The only area of any real concern to the Boston College offense player-wise is at quarterback. Dave Shinskie responded from the early interception to have an acceptable first half, only to follow it up with a dreadful second half. If we were giving out grades, I’d say his overall performance was about a C or a C-; nothing more, nothing less. Like I said on Saturday, that’ll get it done against Weber State, but not much of anyone else on BC’s 2010 schedule. Weber State’s defense isn’t that good, which would have to give most people pause. In the end, no real damage was done as BC won by three scores, but he’s a guy you’re going to have to keep an eye on to see which way this thing goes. If he continues to be hit-or-miss, is Mike Marscovetra necessarily the answer? I don’t know. For one thing, we barely saw him last week; not to mention, we barely saw him last year. The spring game was probably the most snaps we’ve ever seen him take in one performance. It could turn out that neither Shinskie nor Marscovetra are capable of leading this offense, and that the future is a redshirted dude from California. This week will be another week to see where we’re at with regards to the QB position, though I don’t think we’ll learn anything concrete until Frank Beamer and the Hokies roll into town.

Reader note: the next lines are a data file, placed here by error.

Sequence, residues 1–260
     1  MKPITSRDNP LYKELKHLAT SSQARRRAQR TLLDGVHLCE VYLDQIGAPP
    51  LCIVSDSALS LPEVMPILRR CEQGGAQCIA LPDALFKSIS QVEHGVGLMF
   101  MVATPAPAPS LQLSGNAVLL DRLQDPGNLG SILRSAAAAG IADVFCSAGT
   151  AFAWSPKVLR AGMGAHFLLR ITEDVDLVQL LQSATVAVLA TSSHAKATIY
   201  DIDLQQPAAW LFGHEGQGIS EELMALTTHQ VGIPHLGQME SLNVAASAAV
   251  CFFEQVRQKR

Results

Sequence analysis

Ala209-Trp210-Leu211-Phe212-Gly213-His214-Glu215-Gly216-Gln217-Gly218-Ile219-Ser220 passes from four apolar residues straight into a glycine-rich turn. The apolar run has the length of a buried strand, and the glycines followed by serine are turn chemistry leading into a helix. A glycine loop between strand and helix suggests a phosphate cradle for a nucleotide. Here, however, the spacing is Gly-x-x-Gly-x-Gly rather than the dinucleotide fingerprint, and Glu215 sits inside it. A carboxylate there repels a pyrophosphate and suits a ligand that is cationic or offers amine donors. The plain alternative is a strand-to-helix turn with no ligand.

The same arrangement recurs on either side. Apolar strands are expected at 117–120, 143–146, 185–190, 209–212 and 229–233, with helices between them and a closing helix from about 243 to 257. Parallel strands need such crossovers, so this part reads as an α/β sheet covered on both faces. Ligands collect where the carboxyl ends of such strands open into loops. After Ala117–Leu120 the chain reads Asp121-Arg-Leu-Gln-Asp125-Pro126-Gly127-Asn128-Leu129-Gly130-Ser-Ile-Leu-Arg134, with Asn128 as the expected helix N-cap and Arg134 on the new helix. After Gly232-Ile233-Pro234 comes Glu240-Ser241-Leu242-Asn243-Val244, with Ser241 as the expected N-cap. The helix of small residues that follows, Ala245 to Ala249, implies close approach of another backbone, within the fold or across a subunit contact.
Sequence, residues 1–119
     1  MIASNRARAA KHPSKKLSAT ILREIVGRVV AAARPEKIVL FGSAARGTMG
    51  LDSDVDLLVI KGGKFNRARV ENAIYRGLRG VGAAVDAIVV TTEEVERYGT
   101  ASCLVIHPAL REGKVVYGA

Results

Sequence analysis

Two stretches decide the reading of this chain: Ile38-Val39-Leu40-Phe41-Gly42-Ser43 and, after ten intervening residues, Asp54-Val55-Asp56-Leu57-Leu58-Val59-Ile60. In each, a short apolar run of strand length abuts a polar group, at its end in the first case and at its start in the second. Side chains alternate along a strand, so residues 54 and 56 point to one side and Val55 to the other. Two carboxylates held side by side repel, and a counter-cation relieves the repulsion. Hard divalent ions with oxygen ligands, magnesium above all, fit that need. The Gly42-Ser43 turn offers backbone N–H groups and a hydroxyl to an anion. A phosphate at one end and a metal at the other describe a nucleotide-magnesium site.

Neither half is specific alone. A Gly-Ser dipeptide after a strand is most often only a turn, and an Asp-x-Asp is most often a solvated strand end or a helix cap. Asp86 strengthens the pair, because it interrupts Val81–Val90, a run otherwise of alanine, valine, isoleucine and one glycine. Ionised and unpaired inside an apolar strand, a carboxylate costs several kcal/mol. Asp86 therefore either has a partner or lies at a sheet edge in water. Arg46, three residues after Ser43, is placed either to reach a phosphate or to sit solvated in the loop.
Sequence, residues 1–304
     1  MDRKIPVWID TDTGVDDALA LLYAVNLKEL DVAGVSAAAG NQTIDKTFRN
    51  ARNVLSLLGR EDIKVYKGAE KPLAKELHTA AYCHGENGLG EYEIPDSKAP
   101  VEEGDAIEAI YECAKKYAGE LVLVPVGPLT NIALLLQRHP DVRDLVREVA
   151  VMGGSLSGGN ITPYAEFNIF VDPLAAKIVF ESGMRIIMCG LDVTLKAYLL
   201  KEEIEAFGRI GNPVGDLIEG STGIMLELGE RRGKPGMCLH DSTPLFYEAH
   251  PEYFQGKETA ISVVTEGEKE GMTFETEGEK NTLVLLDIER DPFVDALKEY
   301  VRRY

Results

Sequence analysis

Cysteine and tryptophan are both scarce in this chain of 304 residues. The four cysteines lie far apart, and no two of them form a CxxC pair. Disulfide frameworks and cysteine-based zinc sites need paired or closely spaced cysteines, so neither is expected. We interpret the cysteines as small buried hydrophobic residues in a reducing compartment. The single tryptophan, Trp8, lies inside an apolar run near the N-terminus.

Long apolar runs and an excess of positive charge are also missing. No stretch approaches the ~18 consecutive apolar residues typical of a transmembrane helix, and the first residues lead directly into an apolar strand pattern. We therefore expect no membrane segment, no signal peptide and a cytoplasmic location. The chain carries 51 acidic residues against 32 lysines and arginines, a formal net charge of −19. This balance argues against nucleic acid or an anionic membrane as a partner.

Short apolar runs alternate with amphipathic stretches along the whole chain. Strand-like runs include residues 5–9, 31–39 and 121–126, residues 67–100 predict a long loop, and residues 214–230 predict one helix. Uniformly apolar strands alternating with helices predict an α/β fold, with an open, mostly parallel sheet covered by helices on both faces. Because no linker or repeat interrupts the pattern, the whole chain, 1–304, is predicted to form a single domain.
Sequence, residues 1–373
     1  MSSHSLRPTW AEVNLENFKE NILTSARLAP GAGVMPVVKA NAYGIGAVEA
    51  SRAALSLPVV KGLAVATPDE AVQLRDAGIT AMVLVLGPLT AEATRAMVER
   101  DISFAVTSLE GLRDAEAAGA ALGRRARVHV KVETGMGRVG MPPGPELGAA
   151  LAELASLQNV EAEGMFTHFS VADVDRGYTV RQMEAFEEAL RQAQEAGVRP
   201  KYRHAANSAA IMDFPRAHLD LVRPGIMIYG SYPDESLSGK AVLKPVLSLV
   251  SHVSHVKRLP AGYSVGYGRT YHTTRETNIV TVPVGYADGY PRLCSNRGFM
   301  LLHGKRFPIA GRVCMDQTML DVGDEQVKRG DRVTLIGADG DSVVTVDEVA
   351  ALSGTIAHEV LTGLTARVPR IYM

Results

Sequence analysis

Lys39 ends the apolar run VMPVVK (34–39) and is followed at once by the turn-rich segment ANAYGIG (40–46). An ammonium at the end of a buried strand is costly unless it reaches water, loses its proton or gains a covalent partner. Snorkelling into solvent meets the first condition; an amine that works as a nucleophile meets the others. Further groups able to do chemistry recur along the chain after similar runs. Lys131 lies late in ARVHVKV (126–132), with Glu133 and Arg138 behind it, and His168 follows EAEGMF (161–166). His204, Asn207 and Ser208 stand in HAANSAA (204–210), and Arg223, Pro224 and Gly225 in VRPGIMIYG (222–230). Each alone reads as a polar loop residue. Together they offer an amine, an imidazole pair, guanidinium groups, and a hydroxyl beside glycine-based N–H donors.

As noted in Miscellaneous, BC’s offense scored a whopping zero points in the second half last weekend. The offense just flat fell asleep. The game seemed to already be in hand by then (which is hardly an excuse to sleepwalk through the rest of the game), but after having put 31 on the board in the first half, it’s pretty hard to believe that the Eagles couldn’t even manage a field goal.

Kent State’s opening act this year was far better than their first win last year, where they beat FCS team Coastal Carolina 18-0. It would seem they’re a little better at putting up points than last time, and they’re likely to pass the ball most of the time given (1) BC’s crappy pass defense last week, (2) BC’s respectable run defense, and (3) Spencer Keith’s improved play. Like Weber State went to the air, so too will the Golden Flashes.

Tomorrow: Defenses & Special Teams